Posted on: 26th March 2015  |
Tags: film, mathematics

Director: Morgan Matthews

Starring: Asa Butterfield, Sally Hawkins, Rafe Spall, Eddie Marsan, Jo Yang

Certificate: 12A

Running time: 111 mins

UK release date: 13 March 2015


We know from the start that there is something unusual about Nathan. He loves patterns, he admits, and after an opinionated discussion about dinosaurs, his examiner explains to his parents that there are going to be some challenges. Nathan is on the autistic spectrum, he relates, which will involve challenges, but also some special opportunities. ‘You’re like a wizard,’ his father (Martin McCann) tells him, ‘with special powers we Muggles do not understand’.

Calamity strikes, however, and this reassuring voice is silenced. Trauma creates an additional challenge for Nathan, who shrinks from the world as from his mother’s touch. Aggrieved, and a little desperate to maintain some link with her son, Julie (Sally Hawkins) enlists the help of the local school teacher, Humphreys (Rafe Spall), who steps into a pseudo-paternal role as a loveably surly and foul-mouthed mathematics tutor.

Jump a decade or so, and Nathan as a teenager (Asa Butterfield) is still unusual: awkward –exceptionally so – withdrawn and, it turns out, a whiz at maths. He sits the exam for the British squad at the International Mathematics Olympiad, earns entry to their summer training camp in Taiwan and the adventure begins. If it all sounds like the preamble to a heartwarming story of ‘Disadvantaged Youth Wins All’, it will be worth pointing out that the film is British, not American. Disappointments temper triumphs, but in a way that is ultimately the opposite of disappointing.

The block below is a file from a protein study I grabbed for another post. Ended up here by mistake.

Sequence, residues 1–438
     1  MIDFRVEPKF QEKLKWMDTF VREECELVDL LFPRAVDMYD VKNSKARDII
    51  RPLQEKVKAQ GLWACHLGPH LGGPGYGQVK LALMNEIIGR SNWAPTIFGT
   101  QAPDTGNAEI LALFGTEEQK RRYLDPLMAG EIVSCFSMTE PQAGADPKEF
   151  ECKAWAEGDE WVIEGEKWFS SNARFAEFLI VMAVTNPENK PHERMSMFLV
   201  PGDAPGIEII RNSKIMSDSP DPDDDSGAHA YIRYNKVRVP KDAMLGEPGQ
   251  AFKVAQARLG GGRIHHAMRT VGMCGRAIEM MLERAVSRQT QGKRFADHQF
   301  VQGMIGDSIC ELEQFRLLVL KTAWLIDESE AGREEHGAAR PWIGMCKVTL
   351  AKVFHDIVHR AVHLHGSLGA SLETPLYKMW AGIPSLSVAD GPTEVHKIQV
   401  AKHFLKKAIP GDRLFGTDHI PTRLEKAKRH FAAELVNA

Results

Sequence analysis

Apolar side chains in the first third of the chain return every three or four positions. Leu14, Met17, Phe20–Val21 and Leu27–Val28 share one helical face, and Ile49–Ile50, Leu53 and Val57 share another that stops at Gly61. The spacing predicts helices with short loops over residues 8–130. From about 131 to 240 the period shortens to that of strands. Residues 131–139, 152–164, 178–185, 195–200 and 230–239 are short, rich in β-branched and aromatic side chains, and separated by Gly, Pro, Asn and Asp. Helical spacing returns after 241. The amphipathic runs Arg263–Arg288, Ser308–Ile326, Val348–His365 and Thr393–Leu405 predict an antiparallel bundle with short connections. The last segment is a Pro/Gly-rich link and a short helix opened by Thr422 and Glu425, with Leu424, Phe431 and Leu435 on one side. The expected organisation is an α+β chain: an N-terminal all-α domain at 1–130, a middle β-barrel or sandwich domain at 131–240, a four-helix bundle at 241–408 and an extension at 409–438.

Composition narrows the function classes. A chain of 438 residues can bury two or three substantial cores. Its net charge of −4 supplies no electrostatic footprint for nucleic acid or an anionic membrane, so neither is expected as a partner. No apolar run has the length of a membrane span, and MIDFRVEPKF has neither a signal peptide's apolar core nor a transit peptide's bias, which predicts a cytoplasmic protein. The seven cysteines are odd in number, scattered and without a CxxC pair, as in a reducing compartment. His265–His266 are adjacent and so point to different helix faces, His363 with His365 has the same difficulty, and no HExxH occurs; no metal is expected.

An illustration of this is the romantic subplot between Julie and Humphreys. In a heated moment, the latter – who suffers from MS – has to confess that there is only so far he can take things physically. There is an instant of shocked understanding, and then she accepts the situation with a smile. This is anticlimax of the pleasantest kind and it prepares us for the release of the film’s real dramatic charge.

Like many a hero who enters the special world of adventure with a goal that then the adventure forces him to revise, Nathan goes to maths camp thinking that x + y only refers to some variables in an equation. His beautiful Chinese study partner, Zhang Mei (Jo Yang), requires him to revisit these terms. What began as an idiosyncratic pursuit of self-definition and -preservation – staying untouchably good at maths – now leads to that very system becoming vulnerable: in order to maximise his computational skills, he must also open up and risk undermining his self-contained security.

This is the stuff of good drama, and X+Y gets better. With his ability and intimacy both building, Nathan approaches another crisis: in order to have a meaningful relationship with Zhang Mei, he will have to address what motivated him to flee into maths in the first place. To get what he wants he might lose what he came for, and although it is torture for him, it is the best kind of drama for us.

Much more could be said about a film so eloquent in its understatement, but I will conclude with this. X+Y tests our sympathy. It presents us with someone unusual: an autistic child, outwardly unrelational, whose unidimensional desire to know nothing but numbers seems alien to most of us. But his education is also ours, and as he grows into what might be called the ‘higher maths’ of human experience, he is suddenly not so strange. He learns about loss, perplexity and even mystery, as in the case of x’s and y’s. There’s no doubt they are different, but the variables and their sum can all be equal in the cases of zeros, infinities and love.


Reviewer: David Baird


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